The scope of QEC is broad. Here is a non-exhaustive list of topics covered by the conference: Theoretical and experimental research in: Quantum error correcting codes; error correction and decoders; architecture and design of fault tolerant quantum computers; error mitigation in NISQ computations, error mitigation in quantum annealing; reliable quantum control, dynamical decoupling; Error quantification, tomography and benchmarking; Quantum repeaters; Active or self-correcting quantum memory. Applications of quantum error correction in Physics, CS and other disciplines; Classical error correction relevant to the QEC community; Compilers for fault tolerant gate sets; Error correction and mitigation in other Quantum Technologies (sensing / cryptography / etc.); QEC-inspired quantum computing theory.

If you have a query about whether your contribution might be in scope, please contact me directly.

Key dates

Abstract submission deadline: 1 April 2019
Registration opens: TBC (late February)
Early registration deadline: 10 June 2019
Registration deadline: 15 July 2019

A conference poster is available at the following link:
https://www.dropbox.com/s/tpz4v0q406kq1e0/QEC%202019%20London.pdf?dl=0

I would be grateful if you would print this poster and display it in a place where interested participants may see it.

I look forward to your submission to QEC’19 and to seeing you in London in the summer.

Regards,

Dan Browne – Conference Chair

The folly of fidelity and how I learned to love randomness

If a quantum device would ideally prepare a state \psi , but instead we prepare some other approximation state \rho . Then how should the error be quantified?

For many people, the gold standard is to use the fidelity. This is defined as

F =   \langle \psi \vert \rho \vert \psi \rangle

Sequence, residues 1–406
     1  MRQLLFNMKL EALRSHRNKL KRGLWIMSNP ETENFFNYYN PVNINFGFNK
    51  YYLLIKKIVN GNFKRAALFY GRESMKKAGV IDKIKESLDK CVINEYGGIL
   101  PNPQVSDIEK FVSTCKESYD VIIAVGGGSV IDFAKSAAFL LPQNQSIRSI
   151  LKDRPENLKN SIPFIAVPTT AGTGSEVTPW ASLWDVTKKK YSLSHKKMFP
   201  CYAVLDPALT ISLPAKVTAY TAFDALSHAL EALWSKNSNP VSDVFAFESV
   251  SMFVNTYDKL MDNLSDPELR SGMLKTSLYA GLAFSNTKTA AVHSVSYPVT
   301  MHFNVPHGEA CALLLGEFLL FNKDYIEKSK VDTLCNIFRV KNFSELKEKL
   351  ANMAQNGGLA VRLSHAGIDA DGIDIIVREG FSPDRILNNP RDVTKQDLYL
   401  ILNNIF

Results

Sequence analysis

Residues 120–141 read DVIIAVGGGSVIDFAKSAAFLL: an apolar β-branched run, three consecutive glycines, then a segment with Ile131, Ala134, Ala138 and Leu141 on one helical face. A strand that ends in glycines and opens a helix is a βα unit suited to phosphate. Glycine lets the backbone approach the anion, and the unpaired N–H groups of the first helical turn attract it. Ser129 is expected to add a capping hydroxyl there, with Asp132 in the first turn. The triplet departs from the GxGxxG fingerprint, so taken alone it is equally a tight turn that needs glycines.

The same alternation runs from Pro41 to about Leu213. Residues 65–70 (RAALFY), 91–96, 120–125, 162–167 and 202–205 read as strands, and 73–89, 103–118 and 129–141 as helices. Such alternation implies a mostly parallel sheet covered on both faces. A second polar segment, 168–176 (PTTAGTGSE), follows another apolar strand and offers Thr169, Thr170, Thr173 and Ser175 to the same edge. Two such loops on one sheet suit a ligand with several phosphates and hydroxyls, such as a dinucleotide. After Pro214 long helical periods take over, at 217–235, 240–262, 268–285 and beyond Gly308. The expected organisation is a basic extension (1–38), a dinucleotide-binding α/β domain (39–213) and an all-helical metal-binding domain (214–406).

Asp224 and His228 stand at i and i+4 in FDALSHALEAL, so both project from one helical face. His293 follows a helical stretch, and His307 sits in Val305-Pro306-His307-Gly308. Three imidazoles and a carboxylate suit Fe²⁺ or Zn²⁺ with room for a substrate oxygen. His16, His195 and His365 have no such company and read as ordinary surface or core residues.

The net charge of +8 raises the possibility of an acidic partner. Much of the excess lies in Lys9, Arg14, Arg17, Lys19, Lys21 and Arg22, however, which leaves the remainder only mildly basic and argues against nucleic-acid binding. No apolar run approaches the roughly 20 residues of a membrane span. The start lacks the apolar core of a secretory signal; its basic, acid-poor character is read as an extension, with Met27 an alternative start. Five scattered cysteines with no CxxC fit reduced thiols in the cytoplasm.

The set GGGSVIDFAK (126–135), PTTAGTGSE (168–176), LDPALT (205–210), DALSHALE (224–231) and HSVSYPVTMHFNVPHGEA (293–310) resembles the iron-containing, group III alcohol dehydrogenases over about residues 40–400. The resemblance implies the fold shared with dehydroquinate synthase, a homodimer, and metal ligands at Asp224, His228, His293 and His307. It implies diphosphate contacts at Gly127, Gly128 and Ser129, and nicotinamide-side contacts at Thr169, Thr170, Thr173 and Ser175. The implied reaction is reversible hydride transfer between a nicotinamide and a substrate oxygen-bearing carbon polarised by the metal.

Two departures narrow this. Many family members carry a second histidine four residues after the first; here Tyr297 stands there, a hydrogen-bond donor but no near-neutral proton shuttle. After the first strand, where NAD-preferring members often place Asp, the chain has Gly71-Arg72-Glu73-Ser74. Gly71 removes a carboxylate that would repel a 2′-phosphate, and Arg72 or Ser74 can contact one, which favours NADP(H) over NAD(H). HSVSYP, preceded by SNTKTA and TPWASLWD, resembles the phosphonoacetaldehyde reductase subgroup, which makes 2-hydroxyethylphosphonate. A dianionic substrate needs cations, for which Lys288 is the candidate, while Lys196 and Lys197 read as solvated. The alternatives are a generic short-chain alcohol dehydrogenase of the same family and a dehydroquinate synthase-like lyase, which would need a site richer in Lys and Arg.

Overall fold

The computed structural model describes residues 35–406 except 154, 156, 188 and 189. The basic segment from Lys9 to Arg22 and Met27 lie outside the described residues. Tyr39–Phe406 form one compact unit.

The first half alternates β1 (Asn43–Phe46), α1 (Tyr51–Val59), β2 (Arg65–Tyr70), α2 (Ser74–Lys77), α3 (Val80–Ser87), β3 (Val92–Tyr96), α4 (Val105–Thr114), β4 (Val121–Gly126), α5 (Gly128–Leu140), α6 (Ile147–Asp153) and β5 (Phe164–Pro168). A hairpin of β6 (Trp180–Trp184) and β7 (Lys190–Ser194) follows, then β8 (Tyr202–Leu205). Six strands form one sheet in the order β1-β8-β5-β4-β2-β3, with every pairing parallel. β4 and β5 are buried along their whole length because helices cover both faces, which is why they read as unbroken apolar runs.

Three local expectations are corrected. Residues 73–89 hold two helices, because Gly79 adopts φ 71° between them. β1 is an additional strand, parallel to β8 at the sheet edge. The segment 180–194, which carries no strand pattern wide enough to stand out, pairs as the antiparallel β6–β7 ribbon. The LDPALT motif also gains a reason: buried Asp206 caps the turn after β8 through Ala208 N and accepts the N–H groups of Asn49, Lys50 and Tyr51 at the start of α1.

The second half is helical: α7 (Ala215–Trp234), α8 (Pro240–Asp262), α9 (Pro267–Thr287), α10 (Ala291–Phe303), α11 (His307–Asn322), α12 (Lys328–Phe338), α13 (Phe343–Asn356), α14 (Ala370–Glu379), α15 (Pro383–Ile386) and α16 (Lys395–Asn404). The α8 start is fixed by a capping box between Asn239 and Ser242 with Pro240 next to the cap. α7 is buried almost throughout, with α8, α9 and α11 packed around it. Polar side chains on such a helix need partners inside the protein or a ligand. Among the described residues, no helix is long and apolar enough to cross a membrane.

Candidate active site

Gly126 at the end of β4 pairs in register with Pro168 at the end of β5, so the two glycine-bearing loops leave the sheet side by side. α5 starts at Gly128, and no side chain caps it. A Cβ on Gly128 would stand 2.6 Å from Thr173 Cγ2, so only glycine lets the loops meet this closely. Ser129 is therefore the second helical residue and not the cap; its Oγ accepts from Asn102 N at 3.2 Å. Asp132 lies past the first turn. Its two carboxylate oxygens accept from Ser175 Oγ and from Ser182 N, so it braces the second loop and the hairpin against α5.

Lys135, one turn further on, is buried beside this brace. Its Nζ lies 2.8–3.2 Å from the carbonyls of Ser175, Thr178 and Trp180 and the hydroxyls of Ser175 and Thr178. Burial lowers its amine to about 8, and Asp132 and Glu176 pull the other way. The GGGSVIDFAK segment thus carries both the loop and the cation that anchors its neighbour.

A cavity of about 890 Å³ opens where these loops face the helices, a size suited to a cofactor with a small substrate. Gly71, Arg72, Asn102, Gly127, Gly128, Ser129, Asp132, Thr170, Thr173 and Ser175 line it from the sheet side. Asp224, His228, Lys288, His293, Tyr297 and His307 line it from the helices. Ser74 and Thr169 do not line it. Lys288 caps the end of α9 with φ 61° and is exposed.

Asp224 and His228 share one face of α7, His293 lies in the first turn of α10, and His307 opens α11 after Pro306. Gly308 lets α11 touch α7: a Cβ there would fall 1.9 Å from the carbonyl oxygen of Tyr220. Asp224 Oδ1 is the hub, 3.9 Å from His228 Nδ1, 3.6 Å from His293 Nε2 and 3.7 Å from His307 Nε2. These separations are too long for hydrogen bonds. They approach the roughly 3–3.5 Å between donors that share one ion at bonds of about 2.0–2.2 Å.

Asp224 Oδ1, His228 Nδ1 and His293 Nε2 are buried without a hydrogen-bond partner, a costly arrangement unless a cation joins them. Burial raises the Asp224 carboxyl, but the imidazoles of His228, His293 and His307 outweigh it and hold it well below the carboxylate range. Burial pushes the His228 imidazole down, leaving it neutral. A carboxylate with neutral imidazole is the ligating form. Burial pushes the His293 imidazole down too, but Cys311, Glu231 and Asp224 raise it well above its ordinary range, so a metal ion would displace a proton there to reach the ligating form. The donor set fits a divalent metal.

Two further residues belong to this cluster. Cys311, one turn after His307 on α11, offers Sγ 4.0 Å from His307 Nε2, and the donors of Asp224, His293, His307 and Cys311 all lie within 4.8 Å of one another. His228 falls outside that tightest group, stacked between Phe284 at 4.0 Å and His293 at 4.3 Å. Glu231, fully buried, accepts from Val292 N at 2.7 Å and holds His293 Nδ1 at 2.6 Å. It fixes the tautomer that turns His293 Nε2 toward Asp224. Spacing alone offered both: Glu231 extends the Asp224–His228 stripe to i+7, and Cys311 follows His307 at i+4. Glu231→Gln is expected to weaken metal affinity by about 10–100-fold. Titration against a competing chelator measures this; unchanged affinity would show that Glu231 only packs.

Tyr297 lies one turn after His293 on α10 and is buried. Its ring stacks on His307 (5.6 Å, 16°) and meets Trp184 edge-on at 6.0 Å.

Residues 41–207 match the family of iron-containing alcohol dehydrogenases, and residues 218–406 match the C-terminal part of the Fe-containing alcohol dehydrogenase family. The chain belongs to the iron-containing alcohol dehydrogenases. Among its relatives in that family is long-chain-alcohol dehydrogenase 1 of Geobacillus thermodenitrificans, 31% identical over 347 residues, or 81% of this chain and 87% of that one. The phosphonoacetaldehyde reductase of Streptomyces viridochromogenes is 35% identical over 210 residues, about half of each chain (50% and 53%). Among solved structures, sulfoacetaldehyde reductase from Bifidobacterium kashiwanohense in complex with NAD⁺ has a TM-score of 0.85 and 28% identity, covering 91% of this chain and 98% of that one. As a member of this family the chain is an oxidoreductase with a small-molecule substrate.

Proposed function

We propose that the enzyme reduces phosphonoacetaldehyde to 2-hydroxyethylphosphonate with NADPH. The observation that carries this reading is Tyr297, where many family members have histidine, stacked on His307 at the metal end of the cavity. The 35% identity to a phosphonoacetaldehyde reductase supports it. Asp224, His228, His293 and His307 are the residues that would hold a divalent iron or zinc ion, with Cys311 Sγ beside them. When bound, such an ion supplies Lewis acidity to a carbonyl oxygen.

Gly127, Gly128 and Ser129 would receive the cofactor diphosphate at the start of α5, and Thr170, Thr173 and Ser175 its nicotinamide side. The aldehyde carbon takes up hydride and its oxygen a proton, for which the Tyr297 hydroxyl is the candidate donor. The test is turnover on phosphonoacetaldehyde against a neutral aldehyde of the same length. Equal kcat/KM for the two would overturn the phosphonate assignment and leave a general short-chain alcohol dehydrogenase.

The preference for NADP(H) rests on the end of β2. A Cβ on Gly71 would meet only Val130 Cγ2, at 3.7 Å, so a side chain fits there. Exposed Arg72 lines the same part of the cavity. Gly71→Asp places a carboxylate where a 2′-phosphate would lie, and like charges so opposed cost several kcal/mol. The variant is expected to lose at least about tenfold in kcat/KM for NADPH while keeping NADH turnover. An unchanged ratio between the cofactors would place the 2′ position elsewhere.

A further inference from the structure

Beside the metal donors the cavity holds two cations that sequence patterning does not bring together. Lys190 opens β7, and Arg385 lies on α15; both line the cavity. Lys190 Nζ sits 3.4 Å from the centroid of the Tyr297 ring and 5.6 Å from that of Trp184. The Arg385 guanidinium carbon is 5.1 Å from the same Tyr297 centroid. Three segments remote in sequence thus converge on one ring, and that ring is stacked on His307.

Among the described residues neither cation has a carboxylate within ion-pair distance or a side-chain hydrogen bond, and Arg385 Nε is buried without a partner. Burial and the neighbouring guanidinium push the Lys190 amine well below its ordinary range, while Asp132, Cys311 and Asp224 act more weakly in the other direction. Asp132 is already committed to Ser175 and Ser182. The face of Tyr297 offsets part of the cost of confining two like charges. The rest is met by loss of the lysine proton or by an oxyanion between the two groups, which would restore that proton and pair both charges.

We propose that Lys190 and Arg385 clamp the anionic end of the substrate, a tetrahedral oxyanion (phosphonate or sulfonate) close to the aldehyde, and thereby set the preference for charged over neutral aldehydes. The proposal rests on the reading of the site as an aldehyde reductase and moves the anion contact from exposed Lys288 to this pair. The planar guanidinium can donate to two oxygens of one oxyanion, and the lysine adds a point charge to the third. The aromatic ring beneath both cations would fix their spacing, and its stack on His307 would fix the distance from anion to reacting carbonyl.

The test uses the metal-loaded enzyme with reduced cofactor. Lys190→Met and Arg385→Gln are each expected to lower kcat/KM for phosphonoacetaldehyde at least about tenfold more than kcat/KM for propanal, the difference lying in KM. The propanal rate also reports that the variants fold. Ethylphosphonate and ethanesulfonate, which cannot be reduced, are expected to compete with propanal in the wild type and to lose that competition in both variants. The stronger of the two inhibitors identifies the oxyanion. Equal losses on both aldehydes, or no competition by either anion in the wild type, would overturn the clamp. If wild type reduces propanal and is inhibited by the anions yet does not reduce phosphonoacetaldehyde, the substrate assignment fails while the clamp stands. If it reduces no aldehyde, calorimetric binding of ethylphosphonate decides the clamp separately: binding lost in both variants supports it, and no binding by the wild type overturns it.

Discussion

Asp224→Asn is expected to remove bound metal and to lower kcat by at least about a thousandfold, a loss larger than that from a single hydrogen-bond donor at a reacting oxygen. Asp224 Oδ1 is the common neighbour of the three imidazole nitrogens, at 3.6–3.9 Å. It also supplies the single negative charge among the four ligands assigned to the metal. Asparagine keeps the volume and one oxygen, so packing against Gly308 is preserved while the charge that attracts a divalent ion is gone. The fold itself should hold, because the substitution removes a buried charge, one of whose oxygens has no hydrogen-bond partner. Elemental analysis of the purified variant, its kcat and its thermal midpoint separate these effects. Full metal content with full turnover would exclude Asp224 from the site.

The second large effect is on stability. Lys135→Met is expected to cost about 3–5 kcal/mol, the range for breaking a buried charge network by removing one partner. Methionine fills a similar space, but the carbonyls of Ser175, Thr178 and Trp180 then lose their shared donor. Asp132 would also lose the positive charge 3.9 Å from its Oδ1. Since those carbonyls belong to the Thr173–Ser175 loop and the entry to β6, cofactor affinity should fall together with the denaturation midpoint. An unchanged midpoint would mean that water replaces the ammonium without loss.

One of the main goals of this blog post is to explain why the fidelity is a terrible, terrible error metric. You should be using the “trace norm distance”. I will not appeal to mathematical beauty — though trace norm wins on these grounds also — but simply to what is experimentally and observationally meaningful. What do I mean by this? We never observe quantum states. We observe measurement results. Ultimately, we care that the observed statistics of experiments is a good approximation of the exact, target statistics. In particular, every measurement outcome is governed by a projector \Pi and if we have two quantum states \psi and \rho then the difference in outcome probabilities is

\epsilon_\Pi = | \mathrm{Tr} [ \Pi \rho ] - \langle \psi \vert \Pi \vert \psi \rangle |

Error in outcome probabilities is the only physically meaningful kind of error. Anything else is an abstraction. The above error depends on the measurement we perform, so to get a single number we need to consider either the average or maximum over all possible projectors.

The second goal of this post is to convince you that randomness is really, super useful! This will link into the fidelity vs trace norm story. Several of my papers use randomness in a subtle way to outperform deterministic protocols (see here, here and most recently here). I’ve also written another blog posts on the subject (here). Nevertheless, I still find many people are wary of randomness. Consider a protocol for approximating \psi that is probabilistic and prepares states \phi_k with probability p_k . What we will see is that the error (when correctly quantified) of probabilistic protocols can be considerably less than any of the pure states \phi_k in this ensemble. Strange but true. Remember, I only care about measurement probabilities. And you should only care about measurement probabilities! Given a random protocol, the probability of a certain outcome will be
\sum_k  p_k \langle \phi_k  \vert \Pi \vert \phi_k  \rangle = \mathrm{Tr}[ \Pi \rho ]
where
\rho = \sum_k  p_k \vert \phi_k  \rangle \langle \phi_k  \vert
so our measure of error must depend on the averaged density matrix. Even though we might know after the event which pure state we prepared, the measurement statistics are entirely governed by the density matrix that averages over the ensemble of pure states. When I toss a coin, I know after the event with probability 100% whether it is heads or tails, but this does not prevent it from being an excellent 50/50 (pseudo) random number generator. Say I want to build a random number generator with a 25/75 split of different outcomes. I could toss a coin once: if I get heads then I output heads; otherwise I toss a second time and output the second toss result. This clearly does the job. We do not hear people object, “ah ha but after the first toss, it is now more likely to give tails so you algorithm is broken”. Similarly, quantum computers are random number generators and are allowed a “first coin toss” that determines what they do next.